The Court of Appeal in the United Kingdom ruled against the parents of a 23-month-old boy on life support.
The father of seriously ill toddler Alfie Evans has said "we are never going to back down" after he and the child's mother were told they can not take their son to a foreign hospital.
Barrister Paul Diamond said on Monday that there was a "passion out there" about Alfie Evans' case.
The letter, from the Liverpool hospital's chief nurse, said the only Alfie's parents and two named visitors were now allowed to visit the Peadiatric Intensive Care Unit (PICO) at one time.
Alfie Evans' parents are headed back to court today in their desperate attempt to save his life and stop a children's hospital from yanking his life support over their objections.
The hearing was conducted in the Court of Justice in Westminster before Lord Justice Davis, Lady Justice King and Lord Justice Moylan.More news: 'Night Court' actor Harry Anderson dies at home
Alfie's parents have complained that "the state" is wrongly interfering with their parental choice.
She said: "Take it to a neutral ground so there is no impact upon other children, families or staff and they would gain a lot more respect for the cause".
Court of Appeal judges upheld his ruling.
Last week, Mr Justice Hayden endorsed a detailed plan put forward by Alder Hey doctors for withdrawing life-support treatment, after considering a number of issues at a follow-up High Court hearing. Supreme Court justices and European Court of Human Rights judges refused to intervene. The court stayed the removal of Alfie's life support, pending the decision of the Supreme Court.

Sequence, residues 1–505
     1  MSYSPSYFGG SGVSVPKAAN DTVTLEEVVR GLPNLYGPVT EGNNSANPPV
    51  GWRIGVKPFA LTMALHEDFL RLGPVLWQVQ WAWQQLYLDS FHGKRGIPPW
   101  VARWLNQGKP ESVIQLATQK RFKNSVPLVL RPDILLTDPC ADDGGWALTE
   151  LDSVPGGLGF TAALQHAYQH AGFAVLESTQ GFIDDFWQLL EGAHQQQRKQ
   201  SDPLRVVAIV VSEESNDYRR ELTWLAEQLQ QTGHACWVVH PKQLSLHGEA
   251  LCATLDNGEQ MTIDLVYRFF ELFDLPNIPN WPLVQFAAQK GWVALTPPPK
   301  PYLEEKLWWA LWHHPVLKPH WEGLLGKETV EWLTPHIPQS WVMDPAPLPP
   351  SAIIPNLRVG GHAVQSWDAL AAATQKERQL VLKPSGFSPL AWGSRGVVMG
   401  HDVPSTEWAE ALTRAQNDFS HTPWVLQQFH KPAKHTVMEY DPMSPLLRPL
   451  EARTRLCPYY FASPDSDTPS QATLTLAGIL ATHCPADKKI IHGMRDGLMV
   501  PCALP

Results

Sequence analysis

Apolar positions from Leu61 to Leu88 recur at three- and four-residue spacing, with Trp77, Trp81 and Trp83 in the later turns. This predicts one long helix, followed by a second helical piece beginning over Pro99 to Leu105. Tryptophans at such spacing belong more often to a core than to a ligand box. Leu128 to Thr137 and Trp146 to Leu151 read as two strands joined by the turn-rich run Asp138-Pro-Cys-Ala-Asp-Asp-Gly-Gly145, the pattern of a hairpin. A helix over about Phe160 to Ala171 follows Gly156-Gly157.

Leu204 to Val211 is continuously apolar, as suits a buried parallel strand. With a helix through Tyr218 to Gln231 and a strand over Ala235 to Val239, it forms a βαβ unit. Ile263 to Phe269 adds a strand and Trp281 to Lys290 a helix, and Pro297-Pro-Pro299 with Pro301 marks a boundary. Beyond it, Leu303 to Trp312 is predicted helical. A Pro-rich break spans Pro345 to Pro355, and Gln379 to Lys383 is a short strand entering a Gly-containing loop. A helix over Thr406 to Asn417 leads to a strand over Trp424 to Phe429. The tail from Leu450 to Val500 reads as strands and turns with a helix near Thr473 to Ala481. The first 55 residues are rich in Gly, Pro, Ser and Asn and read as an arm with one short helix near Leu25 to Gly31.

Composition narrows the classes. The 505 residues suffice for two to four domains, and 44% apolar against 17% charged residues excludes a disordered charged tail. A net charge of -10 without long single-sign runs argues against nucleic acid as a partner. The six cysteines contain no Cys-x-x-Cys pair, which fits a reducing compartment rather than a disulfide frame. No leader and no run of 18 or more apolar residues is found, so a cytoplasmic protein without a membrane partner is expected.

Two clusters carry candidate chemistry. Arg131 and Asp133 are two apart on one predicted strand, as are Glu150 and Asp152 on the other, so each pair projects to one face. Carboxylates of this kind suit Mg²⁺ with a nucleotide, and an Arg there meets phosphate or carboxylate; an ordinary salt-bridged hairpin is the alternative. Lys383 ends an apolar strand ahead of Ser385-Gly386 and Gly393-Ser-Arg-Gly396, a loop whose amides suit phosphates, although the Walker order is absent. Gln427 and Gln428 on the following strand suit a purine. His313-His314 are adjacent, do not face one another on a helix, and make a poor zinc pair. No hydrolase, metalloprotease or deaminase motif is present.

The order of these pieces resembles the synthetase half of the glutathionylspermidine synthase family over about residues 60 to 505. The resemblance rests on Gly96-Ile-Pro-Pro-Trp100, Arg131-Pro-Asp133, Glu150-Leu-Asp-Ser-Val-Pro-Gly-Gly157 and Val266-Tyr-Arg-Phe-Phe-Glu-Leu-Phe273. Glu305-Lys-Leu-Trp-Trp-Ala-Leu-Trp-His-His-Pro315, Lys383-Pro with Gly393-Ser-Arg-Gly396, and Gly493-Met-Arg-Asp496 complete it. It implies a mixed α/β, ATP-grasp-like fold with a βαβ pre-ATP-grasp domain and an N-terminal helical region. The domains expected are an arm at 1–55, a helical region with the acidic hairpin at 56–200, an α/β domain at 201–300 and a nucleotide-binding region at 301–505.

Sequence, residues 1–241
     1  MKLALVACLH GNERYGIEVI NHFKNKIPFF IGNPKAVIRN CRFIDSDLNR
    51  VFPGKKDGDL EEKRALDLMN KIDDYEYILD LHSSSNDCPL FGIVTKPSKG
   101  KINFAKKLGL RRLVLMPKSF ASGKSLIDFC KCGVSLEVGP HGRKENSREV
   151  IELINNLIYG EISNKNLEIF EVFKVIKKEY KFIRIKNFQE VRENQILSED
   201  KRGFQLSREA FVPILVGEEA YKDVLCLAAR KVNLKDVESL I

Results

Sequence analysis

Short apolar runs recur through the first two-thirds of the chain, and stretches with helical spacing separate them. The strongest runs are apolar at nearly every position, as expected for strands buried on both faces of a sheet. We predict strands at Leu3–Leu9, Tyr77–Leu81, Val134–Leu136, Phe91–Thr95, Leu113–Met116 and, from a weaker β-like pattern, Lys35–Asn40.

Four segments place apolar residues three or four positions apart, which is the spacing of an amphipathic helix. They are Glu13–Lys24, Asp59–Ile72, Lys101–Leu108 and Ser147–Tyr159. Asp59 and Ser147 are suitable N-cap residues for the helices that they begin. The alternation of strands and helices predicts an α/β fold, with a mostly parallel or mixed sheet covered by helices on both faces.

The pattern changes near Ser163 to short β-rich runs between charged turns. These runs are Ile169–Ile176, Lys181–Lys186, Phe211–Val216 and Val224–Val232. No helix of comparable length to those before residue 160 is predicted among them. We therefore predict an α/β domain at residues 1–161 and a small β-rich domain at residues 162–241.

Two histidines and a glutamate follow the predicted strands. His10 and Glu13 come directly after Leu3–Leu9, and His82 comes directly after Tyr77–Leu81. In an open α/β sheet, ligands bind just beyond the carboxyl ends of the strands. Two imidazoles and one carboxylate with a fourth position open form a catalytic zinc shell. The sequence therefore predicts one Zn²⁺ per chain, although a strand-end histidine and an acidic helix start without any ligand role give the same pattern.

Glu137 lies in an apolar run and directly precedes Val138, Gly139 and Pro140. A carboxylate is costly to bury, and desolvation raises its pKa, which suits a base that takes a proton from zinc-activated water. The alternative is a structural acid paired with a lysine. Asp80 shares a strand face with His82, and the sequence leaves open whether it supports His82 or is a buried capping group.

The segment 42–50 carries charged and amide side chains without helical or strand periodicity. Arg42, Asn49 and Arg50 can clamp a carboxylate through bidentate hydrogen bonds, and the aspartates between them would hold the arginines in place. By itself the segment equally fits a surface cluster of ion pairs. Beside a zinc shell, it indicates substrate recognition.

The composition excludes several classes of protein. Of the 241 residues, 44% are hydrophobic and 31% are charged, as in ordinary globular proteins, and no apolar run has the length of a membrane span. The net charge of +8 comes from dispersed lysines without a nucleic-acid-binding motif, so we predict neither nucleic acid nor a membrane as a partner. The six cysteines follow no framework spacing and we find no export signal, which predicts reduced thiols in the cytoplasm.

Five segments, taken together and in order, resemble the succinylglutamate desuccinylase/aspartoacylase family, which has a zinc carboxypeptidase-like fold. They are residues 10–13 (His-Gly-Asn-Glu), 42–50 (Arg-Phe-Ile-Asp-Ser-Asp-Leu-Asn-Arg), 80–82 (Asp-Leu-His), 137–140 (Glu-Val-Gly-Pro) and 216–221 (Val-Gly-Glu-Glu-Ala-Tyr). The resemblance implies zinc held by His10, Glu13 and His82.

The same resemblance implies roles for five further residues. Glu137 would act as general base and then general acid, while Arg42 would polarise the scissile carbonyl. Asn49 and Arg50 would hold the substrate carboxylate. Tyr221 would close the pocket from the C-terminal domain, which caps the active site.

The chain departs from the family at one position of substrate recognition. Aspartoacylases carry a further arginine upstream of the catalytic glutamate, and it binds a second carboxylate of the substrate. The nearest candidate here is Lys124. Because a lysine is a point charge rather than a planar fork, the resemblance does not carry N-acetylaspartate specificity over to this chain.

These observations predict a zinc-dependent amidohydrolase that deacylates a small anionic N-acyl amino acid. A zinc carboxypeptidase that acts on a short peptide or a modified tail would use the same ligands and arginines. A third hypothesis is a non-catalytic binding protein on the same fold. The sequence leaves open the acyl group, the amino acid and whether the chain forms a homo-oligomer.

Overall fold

"The public is nonplussed by this".
Doctors have been ordered to keep treating Alfie as they wait for the outcome.More news: Philly DA wants Meek Mill's 2007 conviction thrown out
Mr Hayden refused that request.
According to weekend news reports, Alfie Evans' mother was told to leave his bedside after the hospital informed Alfie's parents that they would no longer be able to sleep in his hospital room overnight. The judge said the unanimous view of medical experts was that Alfie's brain had been eroded by disease and further assessment was pointless.
The judge also dismissed that suggestion.
Roger Kiska, legal counsel at Christian Legal Centre, told CBN News last week the parents have the legal right to remove Alfie from Alder Hey Children's Hospital.
"As has been determined with considerable clarity in this case, Alfie's best interests are determinative and the court has decided what treatment he should or should not receive".More news: Russia's U.S. ambassador warns of consequences for Syria strikes